Liquefied Natural Gas (LNG) is a safe, environmentally-friendly fuel. LNG is gas which has been cooled to -162 degrees Centigrade, at which point the gas becomes a liquid.
In most cases CNG and LNG installations are essentially the same - the key differences between the two applications is the way in which the fuel is stored on a vehicle. LNG is stored in special cryogenic cylinders resembling a vacuum flask to retain the cold temperature. Liquefied form is much more dense than natural gas or CNG. It has much more energy for the amount of space it takes up. So, much more energy can be stored in the same amount of space on a car or truck. That means LNG is good for large trucks that need to go a long distance before they stop for more fuel. Refer to CNG Conversions page for details on conversion process.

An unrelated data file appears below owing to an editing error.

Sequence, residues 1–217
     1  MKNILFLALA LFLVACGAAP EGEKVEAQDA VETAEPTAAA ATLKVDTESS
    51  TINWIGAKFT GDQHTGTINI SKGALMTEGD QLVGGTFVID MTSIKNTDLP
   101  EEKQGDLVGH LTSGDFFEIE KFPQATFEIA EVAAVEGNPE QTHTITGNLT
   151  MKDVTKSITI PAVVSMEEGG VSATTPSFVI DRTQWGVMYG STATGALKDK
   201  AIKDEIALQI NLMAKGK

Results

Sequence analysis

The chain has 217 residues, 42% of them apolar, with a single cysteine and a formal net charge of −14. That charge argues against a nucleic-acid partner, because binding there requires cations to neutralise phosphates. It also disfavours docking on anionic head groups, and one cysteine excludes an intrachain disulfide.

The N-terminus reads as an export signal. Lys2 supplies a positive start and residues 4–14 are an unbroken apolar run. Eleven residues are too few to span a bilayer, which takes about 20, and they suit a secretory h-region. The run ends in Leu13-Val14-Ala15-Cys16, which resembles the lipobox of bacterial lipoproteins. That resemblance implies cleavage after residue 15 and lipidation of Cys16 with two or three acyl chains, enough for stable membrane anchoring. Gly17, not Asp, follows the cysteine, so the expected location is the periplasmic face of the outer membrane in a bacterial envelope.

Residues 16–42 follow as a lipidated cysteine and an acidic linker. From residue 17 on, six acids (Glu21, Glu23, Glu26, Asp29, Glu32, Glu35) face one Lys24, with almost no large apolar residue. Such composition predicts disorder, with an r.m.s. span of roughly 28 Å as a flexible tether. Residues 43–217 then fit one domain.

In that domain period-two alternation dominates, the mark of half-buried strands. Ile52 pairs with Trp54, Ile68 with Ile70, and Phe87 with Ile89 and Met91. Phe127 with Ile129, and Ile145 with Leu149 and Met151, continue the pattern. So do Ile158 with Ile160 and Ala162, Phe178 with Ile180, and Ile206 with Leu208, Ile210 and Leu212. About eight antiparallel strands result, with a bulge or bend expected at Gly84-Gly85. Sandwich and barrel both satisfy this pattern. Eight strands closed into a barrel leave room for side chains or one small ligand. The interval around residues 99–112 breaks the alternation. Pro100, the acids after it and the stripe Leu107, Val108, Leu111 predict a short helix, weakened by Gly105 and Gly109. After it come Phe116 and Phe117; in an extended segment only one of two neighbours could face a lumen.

LNG can be used for all classes of vehicle but is generally used in heavy vehicles which are used frequently (almost daily).
While LNG can be produced on-site from available natural gas, it is typically delivered to the station via tanker truck. In either case, the LNG is stored onsite in special cryogenic storage tanks.
To fuel vehicles, LNG is pumped into the vehicles much like other liquid fuels (although using much more sophisticated cryogenic fueling equipment.)